The first python project I completed was not a great one but it did what it was supposed to. A few days ago, I needed to use the project. And when I tried to run it, there were a lot of bugs now. A few years ago, it ran perfectly. It took me a few hours to get it working again.
The reason this happened is because I had not used a virtual environment when I completed it.
What is Virtual Environment?
When python and its tools (including libraries) are installed, they are installed in a standard location (for eg. /usr/bin) by the system (might be an OS) and this is where the python interpreter and libraries are searched for when you run python scripts. Virtual environment is an isolated setup of python executable and libraries, isolated as in separated from the standard locations mentioned above. When you run a python script inside virtual environment, python interpreter and libraries are searched in the virtual environment.
Why use Virtual Environment?
Lets look at the advantages of using virtual environments.
- When the system is updated, python and its libraries in the standard locations are also updated. Projects which use older versions of Python or its libraries may behave unexpected. This is what caused my problems.
- The versions of Python and its libraries can be chosen inside the virtual environment and these do not get updated when the system is updated. So, even the older versions can be used as isolated run-time environments.
- You can use multiple versions of Python for multiple projects using separate virtual environments. Using standard system version can only allow use of one Python version.
- The requirements of the projects with their individual versions can be easily saved in a file from a virtual environment which helps to recreate the same run-time environment on other systems too.
How to start Virtual Environment?
First you need to have Python installed on your system. If you need help on this, take a look here.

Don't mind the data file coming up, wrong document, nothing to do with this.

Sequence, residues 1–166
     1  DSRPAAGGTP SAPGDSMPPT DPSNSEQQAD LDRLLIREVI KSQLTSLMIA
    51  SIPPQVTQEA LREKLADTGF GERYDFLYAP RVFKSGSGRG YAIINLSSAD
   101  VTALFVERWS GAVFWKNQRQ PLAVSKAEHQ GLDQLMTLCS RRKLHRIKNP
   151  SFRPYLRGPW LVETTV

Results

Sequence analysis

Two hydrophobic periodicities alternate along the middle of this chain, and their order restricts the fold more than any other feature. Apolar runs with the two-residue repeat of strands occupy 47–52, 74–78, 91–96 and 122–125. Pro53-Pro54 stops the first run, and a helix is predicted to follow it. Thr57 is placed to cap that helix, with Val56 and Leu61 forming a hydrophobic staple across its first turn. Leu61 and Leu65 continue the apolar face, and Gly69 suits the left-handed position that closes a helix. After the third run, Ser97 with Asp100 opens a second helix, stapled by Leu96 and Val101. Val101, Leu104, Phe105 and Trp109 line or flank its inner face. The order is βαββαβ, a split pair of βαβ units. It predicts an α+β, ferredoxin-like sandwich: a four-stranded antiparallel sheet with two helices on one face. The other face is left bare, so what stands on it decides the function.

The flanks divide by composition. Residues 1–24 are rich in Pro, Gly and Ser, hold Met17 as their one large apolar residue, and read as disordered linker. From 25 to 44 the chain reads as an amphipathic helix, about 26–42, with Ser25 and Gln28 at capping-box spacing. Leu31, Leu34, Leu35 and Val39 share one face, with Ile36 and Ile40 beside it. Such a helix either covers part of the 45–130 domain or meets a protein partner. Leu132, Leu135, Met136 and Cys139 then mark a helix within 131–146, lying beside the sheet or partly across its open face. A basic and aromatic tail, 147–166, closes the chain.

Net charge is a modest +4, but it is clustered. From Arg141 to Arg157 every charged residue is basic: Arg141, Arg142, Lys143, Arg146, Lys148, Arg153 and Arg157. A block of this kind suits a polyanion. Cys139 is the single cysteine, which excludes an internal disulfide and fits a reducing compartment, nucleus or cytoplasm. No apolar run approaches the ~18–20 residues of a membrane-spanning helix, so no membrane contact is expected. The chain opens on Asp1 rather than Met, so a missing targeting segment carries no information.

Virtual Environment can be started with Pipenv or Virtualenv.
virtualenv if not installed:
pip install virtualenv
Then start a virtual environment with this command:
You can specify which python version to use like this:
virtualenv -p /usr/bin/python3 my_venv
This will install the specified python interpreter and standard libraries for this python version in the folder my_venv as follows:
Now, you have to activate this virtual environment to instruct the system to use the interpreter from this environment instead of standard one. This can be done like this:
If you are on Windows, the activation script should be on the
Scripts folder instead of
A clear indication of whether the virtual environment has been activated or not will appear in the command line. On some system it may appear as:
pip can be used to install or uninstall the required dependencies in the virtual environment.
(my_venv) $ pip install flask
(my_venv) $ pip uninstall django
To see, what dependencies are install in the virtual environment, following can be used:
(my_venv) $ pip freeze
Execute this command to save the dependencies status of virtual environment to a file.
(my_venv) $ pip freeze > requirements.txt
This will create a file requirements.txt with dependencies and their versions. This file can be used to recreate virtual environment elsewhere too. This can be done by:
(my_venv) $ pip install -r requirements.txt
When you’re done working in the virtual environment and want to use the system’s default python, you need to deactivate the virtual environment.
(my_venv) $ deactivate
This can be verified as the virtual environment indicator will dissappear now.
pipenv is higher level abstraction and uses
virtualenv in the background.
pip install pipenv
pipenv on the system. To install packages to the project, change directory to the project and start pipenv shell.
pipenv install <package_name>
pipenv install numpy [Installs latest version]
pipenv install flask==0.12.1 [Installs specified version]
To uninstall a package:
<package_name>pipenv uninstall numpy
pipenv uninstall flask==0.12.1</package_name>
When pipenv install command is used for the first time, two new files will be created:
Pipfile.lock file. The dependencies you install in the virtual environment and their versions are stored in these files which can be used to recreate this environment later using this command:
pipenv has a lot more functionalities which lie outside the scope of this article.
So, don’t make the mistakes that I made, always use virtual environments.